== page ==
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Graphics Software Hardware

ATI, Nvidia Reveal New $250 Graphics Cards 84

ThinSkin writes "As part of their 'Spring Refresh,' both AMD and Nvidia reveal new $250 graphics cards, the Radeon 4890 and GeForce GTX 275. ExtremeTech takes both cards and runs them through a gamut of gaming and synthetic benchmarks to decide which card triumphs over the other. Long story short, the GeForce takes the cake with impressive performance at its price, while the Radeon didn't show a high improvement over the cheaper Radeon 4870."
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ATI, Nvidia Reveal New $250 Graphics Cards

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  • by FreakinSyco ( 873416 ) on Thursday April 02, 2009 @03:25PM (#27435183)

    Yet HotHarware tests their 4890 and shows that it outperforms the 4870 in every category... []

    and I quote:

    "In every test, the Radeon HD 4890 (Asus EAH4890) was faster than the 1GB Radeon HD 4870, and the overclocked 4890 (Asus EAH4890 TOP) simply increased the card's overall lead. In comparison to competing offerings from NVIDIA, the Radeon HD 4890 is faster than the GeForce GTX 260 Core 216 overall, but it didn't quite keep pace with the just announced GeForce GTX 275."

  • ATI 4890 on linux (Score:5, Informative)

    by MC68040 ( 462186 ) <> on Thursday April 02, 2009 @03:28PM (#27435229) Homepage

    This might be useful to someone like me, Phoronix just reviewed the 4890 on Linux with the ATI catalyst drivers: [] :)

  • by Colonel Korn ( 1258968 ) on Thursday April 02, 2009 @03:30PM (#27435251)

    Looking at a wider range of reviews, I think we can call this round a draw. That means the real winners are consumers, because the selling point will become price.

    Or, if you read the most interesting review of these cards, you'll see why maybe nvidia will skip the price game this time and instead try (and fail) to sell their cards based on physx: []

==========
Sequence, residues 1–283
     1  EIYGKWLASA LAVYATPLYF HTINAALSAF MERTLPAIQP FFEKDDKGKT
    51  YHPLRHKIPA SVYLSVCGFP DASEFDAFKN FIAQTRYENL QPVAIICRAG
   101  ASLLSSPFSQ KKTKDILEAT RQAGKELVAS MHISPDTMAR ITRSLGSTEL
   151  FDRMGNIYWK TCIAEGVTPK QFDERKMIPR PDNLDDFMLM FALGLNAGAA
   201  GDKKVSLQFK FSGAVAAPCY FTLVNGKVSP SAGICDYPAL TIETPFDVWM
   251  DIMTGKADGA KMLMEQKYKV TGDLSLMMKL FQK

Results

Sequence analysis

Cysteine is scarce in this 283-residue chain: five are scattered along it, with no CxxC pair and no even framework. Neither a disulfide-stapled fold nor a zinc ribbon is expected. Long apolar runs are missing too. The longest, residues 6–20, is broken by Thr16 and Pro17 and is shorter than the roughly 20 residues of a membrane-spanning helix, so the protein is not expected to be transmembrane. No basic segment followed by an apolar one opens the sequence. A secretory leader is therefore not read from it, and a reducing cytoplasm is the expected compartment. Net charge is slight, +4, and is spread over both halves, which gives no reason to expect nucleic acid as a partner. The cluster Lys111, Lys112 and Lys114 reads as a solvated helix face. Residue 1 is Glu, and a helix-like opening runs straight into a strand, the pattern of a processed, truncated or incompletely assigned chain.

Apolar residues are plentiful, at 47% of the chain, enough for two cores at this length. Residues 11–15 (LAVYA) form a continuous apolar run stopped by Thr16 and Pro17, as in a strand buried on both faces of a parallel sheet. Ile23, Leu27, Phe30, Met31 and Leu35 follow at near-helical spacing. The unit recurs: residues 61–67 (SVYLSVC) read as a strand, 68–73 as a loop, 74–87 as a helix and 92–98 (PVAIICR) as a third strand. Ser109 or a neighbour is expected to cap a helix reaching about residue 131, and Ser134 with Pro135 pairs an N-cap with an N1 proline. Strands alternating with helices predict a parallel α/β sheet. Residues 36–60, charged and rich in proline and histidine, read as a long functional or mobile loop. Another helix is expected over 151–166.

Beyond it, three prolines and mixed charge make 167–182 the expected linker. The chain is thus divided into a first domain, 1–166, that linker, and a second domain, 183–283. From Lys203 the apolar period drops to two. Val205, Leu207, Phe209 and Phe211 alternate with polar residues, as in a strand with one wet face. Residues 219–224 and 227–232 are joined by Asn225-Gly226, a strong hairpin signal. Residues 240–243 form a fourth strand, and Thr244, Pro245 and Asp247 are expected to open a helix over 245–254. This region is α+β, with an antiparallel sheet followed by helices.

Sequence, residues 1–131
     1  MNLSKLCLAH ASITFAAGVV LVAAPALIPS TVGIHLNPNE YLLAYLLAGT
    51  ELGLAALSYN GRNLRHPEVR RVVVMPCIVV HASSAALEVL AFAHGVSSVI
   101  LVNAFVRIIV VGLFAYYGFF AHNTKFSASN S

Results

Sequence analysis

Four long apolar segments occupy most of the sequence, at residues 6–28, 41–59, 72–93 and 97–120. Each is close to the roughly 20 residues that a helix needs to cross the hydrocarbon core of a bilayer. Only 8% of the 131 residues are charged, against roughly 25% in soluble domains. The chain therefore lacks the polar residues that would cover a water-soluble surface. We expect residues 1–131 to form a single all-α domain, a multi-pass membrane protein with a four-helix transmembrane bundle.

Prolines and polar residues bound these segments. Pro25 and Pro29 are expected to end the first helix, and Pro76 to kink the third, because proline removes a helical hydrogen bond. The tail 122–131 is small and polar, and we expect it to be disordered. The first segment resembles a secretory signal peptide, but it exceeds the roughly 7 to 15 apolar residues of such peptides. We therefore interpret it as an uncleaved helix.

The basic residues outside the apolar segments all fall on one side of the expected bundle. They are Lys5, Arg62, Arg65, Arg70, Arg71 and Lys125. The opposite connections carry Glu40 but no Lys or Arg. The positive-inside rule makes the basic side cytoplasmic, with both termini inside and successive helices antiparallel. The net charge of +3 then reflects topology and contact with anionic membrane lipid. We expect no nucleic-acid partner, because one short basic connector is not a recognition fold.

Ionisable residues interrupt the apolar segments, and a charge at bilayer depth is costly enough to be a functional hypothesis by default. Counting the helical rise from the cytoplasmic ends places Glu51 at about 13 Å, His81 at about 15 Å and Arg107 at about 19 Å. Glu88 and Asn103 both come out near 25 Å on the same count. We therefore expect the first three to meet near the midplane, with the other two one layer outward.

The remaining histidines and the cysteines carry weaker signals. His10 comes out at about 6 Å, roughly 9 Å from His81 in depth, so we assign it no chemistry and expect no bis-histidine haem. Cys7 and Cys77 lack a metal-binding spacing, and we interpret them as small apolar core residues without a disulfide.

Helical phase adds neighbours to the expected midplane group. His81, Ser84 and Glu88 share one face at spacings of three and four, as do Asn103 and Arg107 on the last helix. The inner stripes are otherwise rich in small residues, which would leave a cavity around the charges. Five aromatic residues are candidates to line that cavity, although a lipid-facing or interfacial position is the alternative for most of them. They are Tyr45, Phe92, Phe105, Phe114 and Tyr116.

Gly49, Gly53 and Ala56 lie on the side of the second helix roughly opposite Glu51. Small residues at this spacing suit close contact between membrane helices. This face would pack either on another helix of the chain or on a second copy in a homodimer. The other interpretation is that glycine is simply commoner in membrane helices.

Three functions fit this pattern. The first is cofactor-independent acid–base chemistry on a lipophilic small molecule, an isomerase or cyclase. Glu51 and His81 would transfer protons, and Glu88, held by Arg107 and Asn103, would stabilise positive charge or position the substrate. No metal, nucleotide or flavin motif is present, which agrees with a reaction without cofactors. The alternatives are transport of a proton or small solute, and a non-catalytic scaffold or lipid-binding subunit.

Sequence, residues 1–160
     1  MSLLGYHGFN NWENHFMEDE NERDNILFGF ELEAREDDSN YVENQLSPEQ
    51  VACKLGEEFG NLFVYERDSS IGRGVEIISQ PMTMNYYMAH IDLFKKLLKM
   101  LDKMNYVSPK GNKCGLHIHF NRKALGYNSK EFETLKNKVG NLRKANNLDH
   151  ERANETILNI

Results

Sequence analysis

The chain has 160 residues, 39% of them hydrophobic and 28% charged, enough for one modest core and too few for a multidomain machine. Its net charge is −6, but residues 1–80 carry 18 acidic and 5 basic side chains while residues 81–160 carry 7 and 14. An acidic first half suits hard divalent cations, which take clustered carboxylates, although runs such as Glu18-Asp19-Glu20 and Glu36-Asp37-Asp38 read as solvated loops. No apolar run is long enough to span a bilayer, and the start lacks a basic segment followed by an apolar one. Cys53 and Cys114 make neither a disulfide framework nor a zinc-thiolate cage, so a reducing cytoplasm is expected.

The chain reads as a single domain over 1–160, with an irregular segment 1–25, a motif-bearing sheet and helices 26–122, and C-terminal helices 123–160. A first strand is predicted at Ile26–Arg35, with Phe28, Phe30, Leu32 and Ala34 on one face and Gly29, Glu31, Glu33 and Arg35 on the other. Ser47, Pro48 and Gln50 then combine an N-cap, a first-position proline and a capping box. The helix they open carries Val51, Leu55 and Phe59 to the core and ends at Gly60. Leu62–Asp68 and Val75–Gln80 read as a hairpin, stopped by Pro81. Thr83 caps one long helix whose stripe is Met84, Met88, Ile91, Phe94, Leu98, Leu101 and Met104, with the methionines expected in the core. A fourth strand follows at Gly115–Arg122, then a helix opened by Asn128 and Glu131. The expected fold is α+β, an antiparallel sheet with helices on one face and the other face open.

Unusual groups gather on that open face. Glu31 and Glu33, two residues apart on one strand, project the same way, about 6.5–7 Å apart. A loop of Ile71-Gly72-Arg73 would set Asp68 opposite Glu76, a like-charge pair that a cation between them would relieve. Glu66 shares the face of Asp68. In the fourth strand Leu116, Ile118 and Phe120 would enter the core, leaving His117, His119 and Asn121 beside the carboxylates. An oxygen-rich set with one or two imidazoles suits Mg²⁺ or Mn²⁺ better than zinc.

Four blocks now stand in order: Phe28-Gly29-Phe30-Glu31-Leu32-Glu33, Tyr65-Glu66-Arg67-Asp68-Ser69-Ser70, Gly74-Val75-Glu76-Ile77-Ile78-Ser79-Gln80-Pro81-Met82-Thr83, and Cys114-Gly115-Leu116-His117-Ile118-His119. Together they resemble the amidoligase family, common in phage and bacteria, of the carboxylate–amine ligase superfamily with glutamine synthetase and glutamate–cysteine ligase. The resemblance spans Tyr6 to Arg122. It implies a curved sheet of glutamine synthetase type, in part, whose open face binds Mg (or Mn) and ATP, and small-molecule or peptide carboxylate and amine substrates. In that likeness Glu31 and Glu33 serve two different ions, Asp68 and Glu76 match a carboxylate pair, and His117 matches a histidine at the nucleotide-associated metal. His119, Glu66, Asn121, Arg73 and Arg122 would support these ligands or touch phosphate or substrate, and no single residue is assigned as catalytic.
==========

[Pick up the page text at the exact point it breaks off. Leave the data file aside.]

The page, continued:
• by electrosoccertux ( 874415 ) on Thursday April 02, 2009 @04:05PM (#27435757)

    I didn't read the hothardware article. Did they specify at which resolutions which card wins? Did they test with the newest 185 Nvidia drivers? They're moderately slower than the 182's.

    Anandtech, my personal favorite reviewer (none of that 1 paragraph/page + 100 page article nonsense *cough tomshardware cough*) tells a different story [].

    In case you don't feel like clicking-- 4890 takes the cake hands down on 24" and sub 24" displays (1920x1200 resolution and lower). At 2560x1200, it's a tossup.

    Considering you can buy the 4890 right now [] and the GTX275 won't be available for 2 more weeks [], I think it's pretty clear which card to get.

  • GPUReview (Score:5, Informative)

    by TypoNAM ( 695420 ) on Thursday April 02, 2009 @04:21PM (#27435965)
    Check out GPUReview's video card compare and see what the theoretical performance differences are: []

    It does appear that the just announced cards aren't listed on that site yet to compare against unfortunately.
  • by Ecuador ( 740021 ) on Thursday April 02, 2009 @04:35PM (#27436137) Homepage

    Replying to my own post above, I actually quickly went through the ExtremeTech article (ok ok take back my /. badge) and confirmed why it is not one of my "preferred" sites. To call the nVidia better they divide the cost by the FPS over the games they tested. Yes, the raw FPS over different games, doesn't need a PhD in statistics to figure out the problem here. Then, they admit that the ATI overclocks very well (with the included utilities from ATI and ASUS), while the nVidia does not, but instead of stating this as an advantage for the ATI card they complain about the cards not shipping at the higher speeds they can easily attain. And finally, they list the nVidia at "$250 street est." price, while the ATI as "MSRP $259" when the latter is right now selling NOW on NewEgg for $230 after MIR or $250 directly. Great Job ExtremeTech!

  • Pay attention (Score:3, Informative)

    by jgtg32a ( 1173373 ) on Thursday April 02, 2009 @04:50PM (#27436339)
    When ATI released the 48x0 cards, their top of the line, they had something like 80% of the performance as the top nvidia cards and cost 1/2 as much.

    Prices on cards are dropping.

    And as others have stated its a price point.
  • Re:Confusion (Score:2, Informative)

    by 644bd346996 ( 1012333 ) on Thursday April 02, 2009 @06:37PM (#27437729)